eLearning came intobeing through itsearly predecessors in theform of CBT &then WBT.It took off mainly due toits potential to savecosts, the inherentadvantages in centralizingcontent, the reduction inlogistics costs, ease inmaintenance of contentand uniformity in contentdelivery.
It soon caught on andbecame an importantpart of the ‘learningstrategy’.It not only helped companiessave costs on a recurringbasis but also helpedimprove organizations’performance.
The size of the e-learning Westernmarket inEurope was $358mnin 2003*. Image Courtesy: http://www.flickr.com/photos/robdeman/2390666040/ *Source: European Corporate e-Learning Market Forecast and Analysis, 2003 - 07‘, by IDC
In 2007, the U.S. eLearning market was $17.5 bn*, while the corporate market for Self- paced eLearning was $5.2 bn#.*Source: "eLearning: A Global Strategic Business Report,“ by Global Industry Analysts #Source: Ambient Insights 2008-2013 US Corporate Market Forecast
Thus, as an industry, eLearning had witnessed significant growth over the years. The global market for self- paced eLearning products and services had reached US $ 27.1 billion in 2009*.Read more *Source: Ambient Insight Report
There was promising growth on one hand and recession on the other.Recession threatened to disrupt the continuity ofgrowth and momentum of the eLearning industry. Image Courtesy: http://www.flickr.com/photos/toddography/12034661/
From the companiespoint of view -tremendous pressures wereput to save on costs &to generate more valueat the same cost.There was mix of costpressure and need to keepan eye on training to surviveand grow beyond therecession phase.
There has been an increasein demand for eLearningprimarily to compensatefor the budget cuts andto reduce overalltraining costs.While this is proving and willcontinue to prove a booster interms of revenue growth forlearning solutions providers, italso has the potential to erodethe true value to some extent.
This second wave couldhave a pull-backeffect, potentially.Over the past few years, asthe industry wasmaturing, the focus wasslowly moving towardsproducing learning solutionsthat impact performance anddollar numbers.
This could lead to a surge insolutions which are good from acost perspective but notfrom a ‘learning’perspective.This is because with the focus onfinding the cheapest solution, otherimportant parameters may getoverlooked.
Companies will realize that the real cost of bad eLearning is much higher than good eLearning.Cost of bad sales training Read more
As more suchsolutions are adoptedby companies, it would takeanother level ofeffort to evangelizeand educate customerson the true valueand potential ofeLearning.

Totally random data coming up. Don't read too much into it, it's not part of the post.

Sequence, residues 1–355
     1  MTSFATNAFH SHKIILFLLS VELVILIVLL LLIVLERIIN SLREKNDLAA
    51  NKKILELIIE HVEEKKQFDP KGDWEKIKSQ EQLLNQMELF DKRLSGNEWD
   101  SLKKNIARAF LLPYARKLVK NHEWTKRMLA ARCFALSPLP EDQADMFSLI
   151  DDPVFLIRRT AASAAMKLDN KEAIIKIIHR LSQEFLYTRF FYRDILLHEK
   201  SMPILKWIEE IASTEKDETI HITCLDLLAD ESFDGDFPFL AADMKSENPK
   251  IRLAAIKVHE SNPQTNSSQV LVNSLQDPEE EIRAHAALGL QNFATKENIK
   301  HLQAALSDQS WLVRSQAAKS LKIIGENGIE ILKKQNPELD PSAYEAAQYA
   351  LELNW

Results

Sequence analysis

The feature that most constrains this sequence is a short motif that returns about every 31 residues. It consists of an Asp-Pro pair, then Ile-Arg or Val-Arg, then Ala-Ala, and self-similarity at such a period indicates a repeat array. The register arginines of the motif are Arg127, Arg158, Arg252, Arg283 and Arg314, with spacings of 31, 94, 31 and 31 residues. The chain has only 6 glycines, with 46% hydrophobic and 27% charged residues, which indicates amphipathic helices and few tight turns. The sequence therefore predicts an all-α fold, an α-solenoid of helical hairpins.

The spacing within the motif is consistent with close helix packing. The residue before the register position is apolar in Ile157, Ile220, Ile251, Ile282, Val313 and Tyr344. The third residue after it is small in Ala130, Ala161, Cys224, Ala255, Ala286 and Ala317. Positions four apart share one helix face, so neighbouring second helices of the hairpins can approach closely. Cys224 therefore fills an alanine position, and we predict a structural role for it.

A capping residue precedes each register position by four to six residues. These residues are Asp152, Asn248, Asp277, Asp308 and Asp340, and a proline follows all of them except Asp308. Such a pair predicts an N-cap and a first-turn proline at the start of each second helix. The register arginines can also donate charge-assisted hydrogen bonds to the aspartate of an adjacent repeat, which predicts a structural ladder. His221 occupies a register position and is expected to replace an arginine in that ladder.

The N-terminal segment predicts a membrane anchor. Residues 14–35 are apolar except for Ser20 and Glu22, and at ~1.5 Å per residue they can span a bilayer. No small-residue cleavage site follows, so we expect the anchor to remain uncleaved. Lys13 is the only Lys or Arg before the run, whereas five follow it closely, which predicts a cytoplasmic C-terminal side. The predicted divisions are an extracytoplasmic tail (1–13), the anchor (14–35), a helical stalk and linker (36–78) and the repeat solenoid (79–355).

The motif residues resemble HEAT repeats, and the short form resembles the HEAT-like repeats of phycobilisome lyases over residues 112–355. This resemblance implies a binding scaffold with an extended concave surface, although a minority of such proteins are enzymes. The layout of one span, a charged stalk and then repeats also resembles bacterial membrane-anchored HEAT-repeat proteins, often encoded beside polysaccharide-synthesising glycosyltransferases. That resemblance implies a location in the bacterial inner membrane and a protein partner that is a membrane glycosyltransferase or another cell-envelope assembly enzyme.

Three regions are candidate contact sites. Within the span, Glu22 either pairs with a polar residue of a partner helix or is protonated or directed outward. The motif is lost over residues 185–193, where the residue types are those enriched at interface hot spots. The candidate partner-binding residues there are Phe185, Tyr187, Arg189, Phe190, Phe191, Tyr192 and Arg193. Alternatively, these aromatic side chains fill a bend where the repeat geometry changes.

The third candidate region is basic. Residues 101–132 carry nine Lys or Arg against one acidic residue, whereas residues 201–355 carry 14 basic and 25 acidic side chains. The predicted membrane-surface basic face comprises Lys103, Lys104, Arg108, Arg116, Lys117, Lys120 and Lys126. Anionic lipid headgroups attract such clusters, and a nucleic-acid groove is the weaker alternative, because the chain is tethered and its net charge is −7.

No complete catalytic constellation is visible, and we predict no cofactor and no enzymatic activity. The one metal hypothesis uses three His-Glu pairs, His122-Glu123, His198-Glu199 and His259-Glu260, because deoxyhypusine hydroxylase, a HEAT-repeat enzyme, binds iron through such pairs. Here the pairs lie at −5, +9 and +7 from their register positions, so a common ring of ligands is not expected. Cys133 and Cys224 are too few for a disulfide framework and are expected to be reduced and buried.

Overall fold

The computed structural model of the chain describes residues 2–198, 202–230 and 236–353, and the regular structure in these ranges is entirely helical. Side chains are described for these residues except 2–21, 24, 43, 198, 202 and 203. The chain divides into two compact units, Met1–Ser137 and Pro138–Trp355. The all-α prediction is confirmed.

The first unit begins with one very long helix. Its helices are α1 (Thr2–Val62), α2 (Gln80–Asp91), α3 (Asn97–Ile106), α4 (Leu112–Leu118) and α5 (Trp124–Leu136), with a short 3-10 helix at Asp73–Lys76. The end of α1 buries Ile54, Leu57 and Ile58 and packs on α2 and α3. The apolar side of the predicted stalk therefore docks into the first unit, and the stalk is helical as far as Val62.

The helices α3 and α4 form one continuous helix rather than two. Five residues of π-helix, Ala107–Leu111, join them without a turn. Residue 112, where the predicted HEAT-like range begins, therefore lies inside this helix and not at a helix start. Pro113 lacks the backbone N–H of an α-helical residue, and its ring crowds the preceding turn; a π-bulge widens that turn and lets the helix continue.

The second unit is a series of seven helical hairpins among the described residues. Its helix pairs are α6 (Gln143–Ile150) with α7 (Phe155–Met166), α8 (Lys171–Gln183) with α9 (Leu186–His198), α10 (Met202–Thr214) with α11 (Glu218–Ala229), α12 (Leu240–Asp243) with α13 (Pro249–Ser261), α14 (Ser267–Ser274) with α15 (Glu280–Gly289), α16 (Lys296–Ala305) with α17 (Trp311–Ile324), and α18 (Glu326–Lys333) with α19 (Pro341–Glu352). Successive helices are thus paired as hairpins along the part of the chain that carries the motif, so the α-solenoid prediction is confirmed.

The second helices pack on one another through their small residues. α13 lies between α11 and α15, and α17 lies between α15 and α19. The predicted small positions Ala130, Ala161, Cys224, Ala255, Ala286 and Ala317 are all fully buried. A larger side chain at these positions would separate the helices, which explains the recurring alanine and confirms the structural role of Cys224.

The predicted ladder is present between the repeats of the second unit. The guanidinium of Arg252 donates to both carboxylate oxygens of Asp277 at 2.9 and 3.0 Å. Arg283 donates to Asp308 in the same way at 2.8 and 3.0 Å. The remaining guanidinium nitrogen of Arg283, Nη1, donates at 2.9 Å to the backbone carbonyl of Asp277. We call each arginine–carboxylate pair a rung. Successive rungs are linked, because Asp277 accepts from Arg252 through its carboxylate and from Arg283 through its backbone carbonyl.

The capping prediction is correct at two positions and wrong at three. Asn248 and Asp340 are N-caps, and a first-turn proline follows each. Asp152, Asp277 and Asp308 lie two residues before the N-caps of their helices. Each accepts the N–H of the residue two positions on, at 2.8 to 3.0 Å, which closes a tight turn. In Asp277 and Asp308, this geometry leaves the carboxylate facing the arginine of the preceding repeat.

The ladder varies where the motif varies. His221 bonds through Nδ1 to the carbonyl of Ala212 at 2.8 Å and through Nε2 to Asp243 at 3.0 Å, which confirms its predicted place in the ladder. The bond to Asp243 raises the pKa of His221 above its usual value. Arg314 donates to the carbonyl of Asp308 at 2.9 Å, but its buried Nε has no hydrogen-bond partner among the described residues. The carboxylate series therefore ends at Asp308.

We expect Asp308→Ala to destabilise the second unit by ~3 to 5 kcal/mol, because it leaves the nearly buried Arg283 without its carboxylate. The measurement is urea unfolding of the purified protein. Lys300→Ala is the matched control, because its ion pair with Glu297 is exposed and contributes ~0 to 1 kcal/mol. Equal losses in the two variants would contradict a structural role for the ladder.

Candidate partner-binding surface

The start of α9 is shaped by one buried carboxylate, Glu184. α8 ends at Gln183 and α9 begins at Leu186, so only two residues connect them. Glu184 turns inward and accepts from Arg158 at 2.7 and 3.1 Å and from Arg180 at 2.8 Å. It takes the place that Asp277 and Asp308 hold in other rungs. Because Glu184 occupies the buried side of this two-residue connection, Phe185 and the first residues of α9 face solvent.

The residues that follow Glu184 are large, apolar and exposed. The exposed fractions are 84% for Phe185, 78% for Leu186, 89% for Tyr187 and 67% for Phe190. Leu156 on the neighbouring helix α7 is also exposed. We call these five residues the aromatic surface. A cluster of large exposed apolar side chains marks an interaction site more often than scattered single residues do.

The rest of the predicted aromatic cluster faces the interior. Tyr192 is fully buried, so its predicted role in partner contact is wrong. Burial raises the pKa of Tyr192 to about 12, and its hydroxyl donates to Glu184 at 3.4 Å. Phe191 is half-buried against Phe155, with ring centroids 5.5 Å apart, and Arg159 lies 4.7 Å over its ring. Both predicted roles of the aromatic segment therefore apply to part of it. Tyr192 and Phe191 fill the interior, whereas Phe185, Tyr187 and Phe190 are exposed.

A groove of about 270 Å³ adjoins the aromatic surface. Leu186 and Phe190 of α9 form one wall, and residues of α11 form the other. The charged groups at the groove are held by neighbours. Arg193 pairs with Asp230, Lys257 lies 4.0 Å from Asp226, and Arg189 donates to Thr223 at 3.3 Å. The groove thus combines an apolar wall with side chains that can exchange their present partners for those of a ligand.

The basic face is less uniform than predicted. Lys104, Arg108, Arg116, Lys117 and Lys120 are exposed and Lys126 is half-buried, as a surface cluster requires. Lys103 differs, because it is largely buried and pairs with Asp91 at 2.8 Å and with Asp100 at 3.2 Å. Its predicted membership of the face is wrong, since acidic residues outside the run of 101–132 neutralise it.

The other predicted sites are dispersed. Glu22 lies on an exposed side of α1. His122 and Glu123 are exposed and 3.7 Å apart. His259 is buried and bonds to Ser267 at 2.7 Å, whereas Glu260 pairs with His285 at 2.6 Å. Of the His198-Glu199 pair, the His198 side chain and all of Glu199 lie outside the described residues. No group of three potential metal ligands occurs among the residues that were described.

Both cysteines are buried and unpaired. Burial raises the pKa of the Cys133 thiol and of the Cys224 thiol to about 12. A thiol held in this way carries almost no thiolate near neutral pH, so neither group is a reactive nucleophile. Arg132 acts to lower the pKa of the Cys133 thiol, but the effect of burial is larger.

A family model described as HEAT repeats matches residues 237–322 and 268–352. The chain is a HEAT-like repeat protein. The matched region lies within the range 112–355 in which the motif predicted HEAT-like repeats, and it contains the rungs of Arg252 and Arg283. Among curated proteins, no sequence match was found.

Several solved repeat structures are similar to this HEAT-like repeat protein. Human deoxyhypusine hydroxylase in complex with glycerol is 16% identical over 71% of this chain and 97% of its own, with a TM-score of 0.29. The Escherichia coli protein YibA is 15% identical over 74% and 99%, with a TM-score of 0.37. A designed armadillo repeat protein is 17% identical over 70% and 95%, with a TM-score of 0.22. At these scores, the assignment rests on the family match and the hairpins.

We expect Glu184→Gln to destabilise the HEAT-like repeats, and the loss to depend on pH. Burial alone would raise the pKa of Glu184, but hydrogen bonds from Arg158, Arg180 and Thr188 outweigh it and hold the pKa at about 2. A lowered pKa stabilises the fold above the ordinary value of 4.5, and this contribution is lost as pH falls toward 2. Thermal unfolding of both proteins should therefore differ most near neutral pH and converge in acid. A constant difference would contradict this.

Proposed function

More companies are now able to produce better qualityeLearning at costs lower than before – striking theright balance.
So companies can work withlimited budgets and stillcreate good eLearning.This can be done byfocusing on criticallearning needs &areas, and designingsolutions that engage themind, encouragereflection, and inducebehavior change.
Companies are also pushing technology innovation todevelop advanced solutions.
The demand for eLearning isgrowing at a 5 yearcompound annualgrowth rate (CAGR) of12.8% and revenues will reach$49.6 billion by 2014*. *Source: Ambient Insight Report
North America willcontinue to be the biggestmarket.
The compound annual growth rate in Asia is a very healthy 33.5%*. By 2014, Asia (which includes Australia and New Zealand in this report) would overtake Western Europe to become the second largest market after North America.*Source: Ambient Insight Report
The size of e-learning market in India is expected to grow from the $27 million (in 2008) to $280 million by 2012. *Source: Report by brokerage firm CLSA Asia Pacific Markets
East Europe issecond fastest ingrowth terms at23.0%*.Vibrant outsourcinghubs have come up incountries such asBelarus and theUkraine. Image Courtesy: http://upload.wikimedia.org/wikipedia/commons/7/74/Easterneurope-map.png *Source: Ambient Insight Report
The demand for local content in eachregion is increasing. This is due to resistance in regional markets to content that has been translated but not localized. Source: Ambient Insight Report
100% of primary and secondaryschools in Korea & Singapore offersome type of online education already*. *Source: Ambient Insight Report
New tool and learning platform suppliers are enteringthe market at a steady rate in each region even in more mature markets like North America.
Adoption of self-paced eLearning is now wide spread across buying segments. North America where corporate are still the top buyers, will see academic buyers emerge as top buyers in next five years. Source: Ambient Insight Report
….And the demand for eLearning Solutionswill continue to grow. Image Courtesy: http://www.flickr.com/photos/feverblue/3980021169/